Tuesday, September 22, 2009

Monday September 14th, OR Prep

Ok then...time to pick up where I left off.

Last Sunday, (September 13/09) the plan was for my brother and his wife to take me into Toronto and drop me off at a hotel. This way I could get a good nights sleep and not worry about traffic issues in the morning. The plans changed as fast as I was making them and as it turned out, my Mom decided to go with me on the overnight-er so she could be there first thing in the morning and throughout the day for the entire surgery. This was also beneficial for if there were any problems or questions while I was under anesthesia, someone could be my voice.


Now, I've had many excursions to Toronto over the past few months...had several stay-overs because of tests being done so I've learned a few things along the way! Toronto General Hospital has partnered with just about every hotel in the downtown core to offer a 'Hospital Rate' or a discount of some sort if you have paper work from the hospital stating you're having a procedure done. I have taken advantage of this 'discount' several times over the past little while with no problems ever...until Sunday. Well, I phoned ahead to make sure the hotel would in fact have a room that I could reserve, they did. All my information is already in the system there due to my past dealings with said hotel. Seems the Toronto Film Festival is in town and even though hotels have empty rooms...there are no discounts or special rates because some greedy, suit-wearing 'hand-job' needs to make a profit. No big deal really, it's the principle of the whole thing and I blame Oprah!! Turns out Oprah was spotted orbiting down Young Street, hotel rooms jump $50.00 a night. Bleeeh!

OK, rant over! End result, me & me mom shared a large double room. I kind of slept ok, but Mom had a serious case of 'Jimmy Legs' and didn't sleep very well at all. At 5:40 am, we headed for the hospital to prep for what would be a very long day.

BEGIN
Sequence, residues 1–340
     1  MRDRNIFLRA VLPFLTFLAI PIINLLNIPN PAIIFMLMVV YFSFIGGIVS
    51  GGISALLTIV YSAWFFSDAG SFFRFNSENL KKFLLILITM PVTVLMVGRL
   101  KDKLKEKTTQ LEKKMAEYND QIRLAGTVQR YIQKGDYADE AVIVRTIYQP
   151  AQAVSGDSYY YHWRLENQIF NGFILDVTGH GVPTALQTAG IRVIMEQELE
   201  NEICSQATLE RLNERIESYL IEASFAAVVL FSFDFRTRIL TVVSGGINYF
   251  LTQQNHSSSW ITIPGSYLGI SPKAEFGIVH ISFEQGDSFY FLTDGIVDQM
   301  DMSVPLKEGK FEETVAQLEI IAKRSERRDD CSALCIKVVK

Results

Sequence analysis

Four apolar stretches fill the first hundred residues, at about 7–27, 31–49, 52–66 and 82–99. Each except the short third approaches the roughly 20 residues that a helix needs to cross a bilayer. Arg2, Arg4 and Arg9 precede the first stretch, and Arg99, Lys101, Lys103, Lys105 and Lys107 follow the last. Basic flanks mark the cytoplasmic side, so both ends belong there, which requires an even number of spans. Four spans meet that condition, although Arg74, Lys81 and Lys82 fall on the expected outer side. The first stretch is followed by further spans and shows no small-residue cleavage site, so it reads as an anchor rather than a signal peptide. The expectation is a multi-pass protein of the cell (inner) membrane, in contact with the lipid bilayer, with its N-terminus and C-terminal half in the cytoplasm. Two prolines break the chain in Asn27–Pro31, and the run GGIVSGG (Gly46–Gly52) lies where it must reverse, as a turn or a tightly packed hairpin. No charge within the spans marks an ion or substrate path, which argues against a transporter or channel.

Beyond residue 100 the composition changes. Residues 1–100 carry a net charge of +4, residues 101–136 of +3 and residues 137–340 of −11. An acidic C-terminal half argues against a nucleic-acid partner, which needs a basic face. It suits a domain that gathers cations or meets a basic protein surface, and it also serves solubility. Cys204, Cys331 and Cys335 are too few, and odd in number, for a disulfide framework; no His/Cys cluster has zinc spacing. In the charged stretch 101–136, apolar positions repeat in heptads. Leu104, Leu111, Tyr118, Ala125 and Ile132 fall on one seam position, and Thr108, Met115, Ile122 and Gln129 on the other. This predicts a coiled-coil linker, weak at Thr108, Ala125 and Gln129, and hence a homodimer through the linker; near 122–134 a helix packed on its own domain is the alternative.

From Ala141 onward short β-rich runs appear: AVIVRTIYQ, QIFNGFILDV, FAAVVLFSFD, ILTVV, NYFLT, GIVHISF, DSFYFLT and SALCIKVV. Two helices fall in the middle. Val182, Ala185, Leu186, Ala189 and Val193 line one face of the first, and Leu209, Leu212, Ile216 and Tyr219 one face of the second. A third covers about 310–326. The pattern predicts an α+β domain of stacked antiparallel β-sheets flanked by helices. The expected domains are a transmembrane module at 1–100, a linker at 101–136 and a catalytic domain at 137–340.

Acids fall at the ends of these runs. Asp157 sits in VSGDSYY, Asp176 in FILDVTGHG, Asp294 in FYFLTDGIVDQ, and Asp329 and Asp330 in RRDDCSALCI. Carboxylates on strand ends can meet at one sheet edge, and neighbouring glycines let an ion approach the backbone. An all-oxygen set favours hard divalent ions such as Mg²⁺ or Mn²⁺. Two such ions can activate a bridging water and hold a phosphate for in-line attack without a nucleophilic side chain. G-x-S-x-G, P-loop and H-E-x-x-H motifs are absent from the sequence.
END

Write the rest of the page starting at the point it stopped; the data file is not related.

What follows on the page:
At the hospital, I was already checked in. So we were led through some doors to a waiting area. Here they gave me some empty bags for my clothes, I was also instructed about the pain pump I would be connected to and how it worked and then was told I should send anything I value home with my mom. (Not that Toronto General is rampant with thieves, it's just best not have valuables.) Now, all I really had was my old Casio watch, my Visa card, a Tim's Card preloaded with $40.00, my cell phone and my MP3 player. I wanted to bring my laptop, but figured I'd be way to out of it to use it anyways, so it was agreed before hand that my brother would drop it off for me later in the week.

Next I was shuffled into a change room where I was given the entire pain pump instructions, a blue hair net, set of blue bootie slippers and 2 of the crisp-est, brightest open front robes were handed to me...I was ordered to strip down and put on the robes. Like ya had to ask me twice!! I kicked off my clothes and slipped on the robes! Freedom and sway age! Giggidy! As I was stuffing my street clothes into the plastic bags, in walks this guy and announces:

He: Hey man, scootch up on that table, I gotta shave you.
Me: Sorry, say again?
He: Ya man, I gotta shave you...you gettin' surgery right?
Me: Ummm, No, I'm just here for the back acne trials.
He: What? Back Acne? (goes to door and grabs my chart)
Me: Sorry man, I'm just f**king with you, you aint really gonna shave me are ya?
He: Sorry man, just doin' my job. Believe me, it aint the favorite part of my day either.

Now, I'm a bald guy to begin with, and when I did have hair, it was blonde, thin and very sparse. Even my armpit hair is short! Other than that, I keep everything else 'tidy'. Honestly, I was scared to death! This guy didn't look gentle. So I sheepishly open my robes up .....

He: Oh man, you don't need shaving, your alright to go!
Me: Really? Nothing?
He: Yup, You gots a smooth belly. Take all your gear to the desk and wait for the nurse.

Whew!! Dignity for another day!

At the nurses desk, I met up with my mom, a nurse tied my clothes bags shut and stuck labels on them which I had to sign. We had a short conversation about valuables and were led down a long narrow room. Once again, I was instructed to push the button on my pain pump to get pain medicine. I think I heard this story at least 30 times this day.